On May 29, the Plaintiff was admitted to the Defendant Nursing Home for convalescent care and treatment. It is alleged that the Plaintiff was 52 years of age and had a history of mental confusion, disorientation, and acting as a danger to himself. In fact, it is alleged that he had been transferred to the Defendant institution from the Defendant Hospital, with accompanying medical records confirming the fact that the Plaintiff required restraints to prevent him from causing injury to himself.
Further, it is alleged that the Plaintiff’s family, prior to permitting him to come to the Defendant Nursing Home institution, met with representatives of the Defendant Nursing Home. At that time, they explained their brother’s condition in depth and specifically indicated that he was disoriented, confused and had a propensity for attempting to harm and/or injure himself. The family indicated that their brother needed to be restrained and required close surveillance so that he did not injure himself. Further, there were two specific conversations concerning windows and/or balconies. The family discussed the fact that their brother had to be in a secure environment away from access to open windows and/or balconies. In response, duly authorized agents and/or employees of the Defendants repeatedly assured the family that the facility was secure and an appropriate place for their brother to reside. Further, they indicated that windows were locked and secured so that it would be impossible for the Plaintiff to gain access to an open window or balcony from which he could fall.
Relying on the assurances of the Defendants’ representatives, the family signed the necessary documents and had their brother transferred from the hospital in which he was confined to the Defendant institution on May 29,. On that same day, it is alleged that on the day of admission, the Plaintiff was found wandering about the institution. Further, he was agitated and refused his medication. Contrary to the standards of care, no restraints were used, no 24 hour surveillance was employed and, further, no physician was called for any form of medical and/or other intervention.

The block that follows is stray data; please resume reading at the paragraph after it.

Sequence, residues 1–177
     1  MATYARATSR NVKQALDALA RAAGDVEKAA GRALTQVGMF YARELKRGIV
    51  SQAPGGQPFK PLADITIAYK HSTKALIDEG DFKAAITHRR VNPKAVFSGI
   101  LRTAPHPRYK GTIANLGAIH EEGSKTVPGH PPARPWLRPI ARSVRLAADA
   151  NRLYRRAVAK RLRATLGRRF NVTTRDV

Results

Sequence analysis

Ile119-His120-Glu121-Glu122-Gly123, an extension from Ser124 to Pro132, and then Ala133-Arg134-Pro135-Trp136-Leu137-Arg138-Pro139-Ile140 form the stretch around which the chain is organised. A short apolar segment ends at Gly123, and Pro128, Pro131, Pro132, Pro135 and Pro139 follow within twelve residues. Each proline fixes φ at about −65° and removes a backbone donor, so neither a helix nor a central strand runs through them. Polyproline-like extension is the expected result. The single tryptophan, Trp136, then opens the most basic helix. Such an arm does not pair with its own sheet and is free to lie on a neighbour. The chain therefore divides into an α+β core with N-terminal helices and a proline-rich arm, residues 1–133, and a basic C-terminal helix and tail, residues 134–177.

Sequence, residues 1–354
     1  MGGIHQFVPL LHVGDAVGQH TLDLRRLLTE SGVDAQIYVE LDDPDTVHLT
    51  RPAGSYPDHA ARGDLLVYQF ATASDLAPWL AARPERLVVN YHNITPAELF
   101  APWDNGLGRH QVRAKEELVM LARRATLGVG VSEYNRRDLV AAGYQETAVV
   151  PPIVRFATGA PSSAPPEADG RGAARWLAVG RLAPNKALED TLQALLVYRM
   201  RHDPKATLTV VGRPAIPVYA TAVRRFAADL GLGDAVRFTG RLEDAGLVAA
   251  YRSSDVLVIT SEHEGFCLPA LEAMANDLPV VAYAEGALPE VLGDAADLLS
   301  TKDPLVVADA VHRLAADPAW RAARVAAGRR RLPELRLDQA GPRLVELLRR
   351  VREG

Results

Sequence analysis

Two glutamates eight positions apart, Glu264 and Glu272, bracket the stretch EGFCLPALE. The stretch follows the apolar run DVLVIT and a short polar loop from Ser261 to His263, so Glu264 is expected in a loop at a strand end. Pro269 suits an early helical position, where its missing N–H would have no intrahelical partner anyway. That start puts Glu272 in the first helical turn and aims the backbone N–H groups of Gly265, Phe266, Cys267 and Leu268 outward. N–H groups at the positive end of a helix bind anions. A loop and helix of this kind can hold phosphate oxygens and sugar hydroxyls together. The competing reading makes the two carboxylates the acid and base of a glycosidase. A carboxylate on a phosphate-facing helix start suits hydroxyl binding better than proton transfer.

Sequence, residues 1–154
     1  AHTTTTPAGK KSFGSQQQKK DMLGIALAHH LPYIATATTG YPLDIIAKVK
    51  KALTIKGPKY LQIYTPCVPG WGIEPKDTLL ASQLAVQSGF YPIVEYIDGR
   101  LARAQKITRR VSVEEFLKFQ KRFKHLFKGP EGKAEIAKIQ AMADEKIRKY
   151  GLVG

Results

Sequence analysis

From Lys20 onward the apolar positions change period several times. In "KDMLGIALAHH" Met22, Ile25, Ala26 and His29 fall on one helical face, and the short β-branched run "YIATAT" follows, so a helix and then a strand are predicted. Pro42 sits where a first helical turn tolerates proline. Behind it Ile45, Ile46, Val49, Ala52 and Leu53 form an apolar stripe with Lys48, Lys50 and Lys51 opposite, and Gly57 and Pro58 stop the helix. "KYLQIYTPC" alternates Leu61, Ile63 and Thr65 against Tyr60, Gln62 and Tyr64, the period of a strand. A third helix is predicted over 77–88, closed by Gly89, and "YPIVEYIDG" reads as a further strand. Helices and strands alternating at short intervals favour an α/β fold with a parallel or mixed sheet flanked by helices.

On May 30, the Plaintiff continued in a profoundly confused state. At this time, he was found wandering about the institution and pulling linens off of his roommate’s bed. He was incoherent and refused care. Again, contrary to the standards of care, no restraints were utilized, no surveillance was employed, and no physician intervention occurred.
On May 31, and June 1, the Plaintiff continued in his same state of mental disorientation. He remained incoherent, refused care, and continued with his abnormal behavior.
On June 1, at approximately 10:00 p.m., the Plaintiff was found agitated and pulling linens off of the bed of his roommate in the institution. Again, contrary to the standards of care, no restraints were utilized, and no physician was contacted, no intervention was employed. The Plaintiff was essentially left to his own devices unrestrained, and not under any surveillance.
At approximately 11:00 p.m., representatives of the Defendant were informed that the Plaintiff was found on the pavement in the alley way behind the institution. Upon investigating, institutional personnel found that the Plaintiff had opened a window which was not locked and secured in an appropriate fashion, and simply jumped out of a fifth story window — falling five stories to the pavement below.
It is alleged that the Plaintiff survived the fall and was transported to another hospital via ambulance at which time he underwent twelve hours of surgery for severe injuries which left him in critical condition. His injuries included, but were not limited to, fractures of the ankle; knee cap; hip (requiring a hip replacement); fracture of the pelvis; fractures of the left leg; and left arm; and so many internal injuries that they are too numerous to list.
It is alleged that the Plaintiff’s injuries were so severe that he required hospitalization at the other hospital for a two month period of time, after which he was finally able to leave the institution for further and ongoing care at a long-term care facility.